A joint family vacation can be a joyful experience, creating great memories and cementing friendships or family bonds. However, to avoid tensions or fallouts, and to enjoy a stress-free experience, planning is vital.
1. Choose an appropriate destination
It is important to consider the destination carefully, and ensure it is appropriate. Consider group ages, likes and dislikes.
2. Check accessibility
Whether planning on physical activities, or traveling with older or less-able family members, it’s important to check any physical restrictions and ensure everyone is comfortable with the activities planned.
3. Call a pre-planning meeting
When it comes to a joint family vacation, planning is everything. A pre-planning meeting can be made into an informal dinner or get-together, discussing everyone’s thoughts and requirements, and laying down any boundaries or preferences.
4. Set a budget and discuss finances
Decide whether each family is going to manage their own money, or whether it may be easier to have a group budget for things like food, activities, and entrance fees. Planning finances early can prevent awkward conversations later on.
5. Respect each other’s space and privacy
While many activities may be planned for the group, it is also important to allow some time for each family to spend alone, and do things that they want to do. Scheduling a few hours each day for this free time can work well.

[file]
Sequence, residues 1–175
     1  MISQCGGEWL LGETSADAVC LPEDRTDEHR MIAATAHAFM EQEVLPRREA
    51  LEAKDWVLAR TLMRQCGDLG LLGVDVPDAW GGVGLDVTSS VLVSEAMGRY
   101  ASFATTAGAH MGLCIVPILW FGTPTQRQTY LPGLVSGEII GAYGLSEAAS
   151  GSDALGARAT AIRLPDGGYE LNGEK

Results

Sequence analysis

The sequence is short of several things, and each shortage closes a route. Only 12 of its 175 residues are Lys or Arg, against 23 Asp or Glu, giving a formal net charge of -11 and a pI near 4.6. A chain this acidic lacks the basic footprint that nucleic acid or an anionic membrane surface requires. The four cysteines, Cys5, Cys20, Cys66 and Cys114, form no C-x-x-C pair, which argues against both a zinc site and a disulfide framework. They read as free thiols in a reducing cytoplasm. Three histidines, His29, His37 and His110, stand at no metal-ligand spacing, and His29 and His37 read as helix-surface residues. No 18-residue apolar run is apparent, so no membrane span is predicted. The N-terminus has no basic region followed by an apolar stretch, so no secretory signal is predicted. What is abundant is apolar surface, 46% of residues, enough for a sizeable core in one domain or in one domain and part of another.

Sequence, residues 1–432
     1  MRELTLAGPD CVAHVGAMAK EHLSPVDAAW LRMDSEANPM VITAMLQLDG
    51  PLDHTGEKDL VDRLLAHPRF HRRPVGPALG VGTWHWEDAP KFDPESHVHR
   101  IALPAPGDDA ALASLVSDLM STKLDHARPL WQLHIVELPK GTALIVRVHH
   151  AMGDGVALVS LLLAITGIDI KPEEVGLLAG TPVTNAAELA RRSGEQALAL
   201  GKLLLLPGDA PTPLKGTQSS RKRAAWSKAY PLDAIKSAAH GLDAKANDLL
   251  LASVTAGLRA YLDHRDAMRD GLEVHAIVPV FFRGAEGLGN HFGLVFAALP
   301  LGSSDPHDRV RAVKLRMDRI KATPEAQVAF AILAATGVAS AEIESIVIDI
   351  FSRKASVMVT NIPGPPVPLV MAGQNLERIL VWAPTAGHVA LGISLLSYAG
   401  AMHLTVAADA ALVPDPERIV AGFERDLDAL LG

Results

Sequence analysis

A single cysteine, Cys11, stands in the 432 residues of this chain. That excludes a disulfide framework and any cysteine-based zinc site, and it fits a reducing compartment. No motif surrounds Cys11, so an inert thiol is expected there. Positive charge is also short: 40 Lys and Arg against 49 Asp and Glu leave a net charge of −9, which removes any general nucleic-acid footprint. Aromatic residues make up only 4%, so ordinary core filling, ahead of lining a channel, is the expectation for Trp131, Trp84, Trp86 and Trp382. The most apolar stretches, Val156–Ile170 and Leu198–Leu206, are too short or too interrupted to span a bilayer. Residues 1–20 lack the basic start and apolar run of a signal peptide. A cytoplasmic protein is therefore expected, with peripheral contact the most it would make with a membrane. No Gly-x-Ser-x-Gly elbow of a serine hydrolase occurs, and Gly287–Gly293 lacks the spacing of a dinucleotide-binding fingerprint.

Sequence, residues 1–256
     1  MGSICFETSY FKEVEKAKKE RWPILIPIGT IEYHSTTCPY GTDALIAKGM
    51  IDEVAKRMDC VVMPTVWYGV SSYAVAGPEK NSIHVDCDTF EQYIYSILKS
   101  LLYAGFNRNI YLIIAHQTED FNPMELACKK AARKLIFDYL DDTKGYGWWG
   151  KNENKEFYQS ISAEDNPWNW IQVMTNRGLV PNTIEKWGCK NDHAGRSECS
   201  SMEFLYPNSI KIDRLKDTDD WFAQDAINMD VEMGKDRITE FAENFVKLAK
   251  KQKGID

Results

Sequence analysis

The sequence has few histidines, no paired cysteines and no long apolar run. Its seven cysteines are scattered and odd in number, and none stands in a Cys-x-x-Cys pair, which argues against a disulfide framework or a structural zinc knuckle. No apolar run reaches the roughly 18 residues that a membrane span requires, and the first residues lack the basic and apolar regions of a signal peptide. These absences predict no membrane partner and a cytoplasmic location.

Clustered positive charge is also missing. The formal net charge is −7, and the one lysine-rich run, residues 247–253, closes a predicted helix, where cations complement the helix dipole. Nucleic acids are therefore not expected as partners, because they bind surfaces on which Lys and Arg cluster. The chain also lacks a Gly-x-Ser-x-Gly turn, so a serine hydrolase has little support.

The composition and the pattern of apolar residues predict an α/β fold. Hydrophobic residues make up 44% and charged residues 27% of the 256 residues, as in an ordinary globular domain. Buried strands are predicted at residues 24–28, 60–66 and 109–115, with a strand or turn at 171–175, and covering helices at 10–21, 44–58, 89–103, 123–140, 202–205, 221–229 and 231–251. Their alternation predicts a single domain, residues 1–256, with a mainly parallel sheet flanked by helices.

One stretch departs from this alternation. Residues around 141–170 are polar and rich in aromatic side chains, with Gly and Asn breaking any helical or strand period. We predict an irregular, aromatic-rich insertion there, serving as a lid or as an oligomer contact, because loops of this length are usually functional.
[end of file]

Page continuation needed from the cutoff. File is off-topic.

6. Schedule a trial run
This isn’t always easy to do, but it’s really advisable to do a trial run before you commit to a full-on joint family vacation! A long weekend can work well, helping you to work out the group logistics and decide whether you’d actually enjoy vacationing together.
7. Book accommodations that are spacious enough
When vacationing with another family, spring for a suite or apartment with at least two bedrooms, or a villa. Separate rooms are vital for privacy and downtime. Having a separate room away from the other members of the group can provide a really peaceful way to relax and regroup after the day’s activities.
8. Lay the ground rules
Ground rules don’t sound like much fun, but they are important to avoid conflict. Each family has different rules or policies for things like bedtime or snacks. Discuss these beforehand and be willing to compromise.
9. Go easy on the liquor
When traveling on a joint family vacation, consider alcohol very carefully. It can cause a host of tensions, so a few ground rules about its consumption should be discussed.
10. Manage children and don’t take sides
If young children are in the group, accept the fact that they will most likely bicker! Remember, don’t take sides, and be quick to work with the other parents to discipline and calm the situation down.
While there are lots of potential tensions and problems that can occur on a joint family vacation, with a little planning they really are a great opportunity to enjoy some downtime, socialize and create memories that last a lifetime.